Other important things to consider while shooting against LED walls is avoiding ‘Moire’ and ‘Colour Calibration’.  ‘Moire’ can happen when the camera focuses on the screen or the screen is within the depth of field of the lens, the way to avoid this would be to be to have good quality screens or have enough space in the studio to create distance between foreground and background to avoid it, which will be impossible in smaller studio set ups.


As for colour calibration the colour cast of LED screens hugely impacts the faithful colour rendition of the assets in camera. If the LED panels are not colour matched between walls and calibrated beforehand it will create issues that sometimes cannot be corrected even in DI/Post. It is best to do a  Test shoot in the studio before actual shoot day to ensure this doesn’t happen. But as I am writing this, advances are being made in LED screen technology which offer better and better colour space and rendition.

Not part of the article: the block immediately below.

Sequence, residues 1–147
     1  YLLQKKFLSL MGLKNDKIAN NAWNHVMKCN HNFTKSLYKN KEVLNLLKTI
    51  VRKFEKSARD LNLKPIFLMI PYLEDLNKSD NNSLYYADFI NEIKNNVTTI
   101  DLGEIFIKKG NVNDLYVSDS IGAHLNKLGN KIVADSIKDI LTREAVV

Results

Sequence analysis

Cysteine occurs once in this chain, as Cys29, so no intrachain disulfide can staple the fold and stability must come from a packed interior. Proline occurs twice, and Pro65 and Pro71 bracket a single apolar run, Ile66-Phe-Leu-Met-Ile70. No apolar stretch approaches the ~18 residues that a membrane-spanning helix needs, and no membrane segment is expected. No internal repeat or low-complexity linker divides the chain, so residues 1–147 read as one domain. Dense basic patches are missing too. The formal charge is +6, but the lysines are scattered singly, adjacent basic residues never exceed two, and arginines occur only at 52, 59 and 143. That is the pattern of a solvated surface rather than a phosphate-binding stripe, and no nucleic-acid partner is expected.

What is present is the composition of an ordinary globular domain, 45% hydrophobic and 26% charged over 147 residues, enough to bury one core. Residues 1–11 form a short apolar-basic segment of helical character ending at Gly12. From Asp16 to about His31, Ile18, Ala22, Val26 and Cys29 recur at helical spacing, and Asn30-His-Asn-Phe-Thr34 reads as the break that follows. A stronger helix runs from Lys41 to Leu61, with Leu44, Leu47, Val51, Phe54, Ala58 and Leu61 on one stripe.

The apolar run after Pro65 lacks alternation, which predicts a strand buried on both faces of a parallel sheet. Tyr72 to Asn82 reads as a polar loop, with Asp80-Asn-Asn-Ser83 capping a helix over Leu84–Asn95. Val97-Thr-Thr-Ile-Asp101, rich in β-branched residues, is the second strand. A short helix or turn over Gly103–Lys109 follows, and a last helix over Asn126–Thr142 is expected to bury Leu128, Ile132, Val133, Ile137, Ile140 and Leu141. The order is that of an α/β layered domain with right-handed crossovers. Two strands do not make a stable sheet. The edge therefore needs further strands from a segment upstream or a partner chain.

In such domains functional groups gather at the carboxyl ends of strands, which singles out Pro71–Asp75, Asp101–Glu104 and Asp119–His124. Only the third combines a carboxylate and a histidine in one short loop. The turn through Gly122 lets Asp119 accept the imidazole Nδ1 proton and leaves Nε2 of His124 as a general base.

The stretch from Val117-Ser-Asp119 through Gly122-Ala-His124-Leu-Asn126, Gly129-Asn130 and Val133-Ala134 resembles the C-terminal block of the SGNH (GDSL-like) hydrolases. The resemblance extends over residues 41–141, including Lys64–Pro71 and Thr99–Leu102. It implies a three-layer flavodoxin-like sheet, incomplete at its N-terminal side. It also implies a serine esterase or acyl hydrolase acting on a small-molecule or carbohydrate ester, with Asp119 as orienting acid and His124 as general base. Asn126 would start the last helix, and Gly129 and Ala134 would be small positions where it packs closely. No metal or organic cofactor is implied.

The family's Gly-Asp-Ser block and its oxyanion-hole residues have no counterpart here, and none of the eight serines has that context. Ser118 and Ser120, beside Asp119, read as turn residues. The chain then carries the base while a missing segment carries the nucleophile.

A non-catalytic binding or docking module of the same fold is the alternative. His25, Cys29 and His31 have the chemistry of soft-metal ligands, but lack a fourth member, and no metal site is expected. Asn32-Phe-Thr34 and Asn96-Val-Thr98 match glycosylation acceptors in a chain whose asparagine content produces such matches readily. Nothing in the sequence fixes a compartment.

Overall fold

The Sphere in Las Vegas which has stunned audiences with its immersive visual experience and superior LED screen technology this year. The Sphere is a 516'-wide, 366'-tall geodesic dome that houses the world’s highest-resolution screen: a 160,000-square-foot LED wraparound. The sonically transparent surface of LED panels have 500-nit brightness that produce a high dynamic-range experience. Shot on 18K Big sky cameras specially designed for capturing images the viewing experience has created a huge buzz across the world. While Cinema projection largely remains 4K however juiced up the resolution of the cameras we shoot with boast, the requirement for the sphere is unique. The creators want to take the viewer on a spectacular journey, not try to tell a narrative story with actors.



In the context of Virtual projection this technology may be borrowed for higher end LED wall design and projection. Software is also being developed to match LED walls to specific camera colour spaces to improve colour rendition and matching in Virtual productions.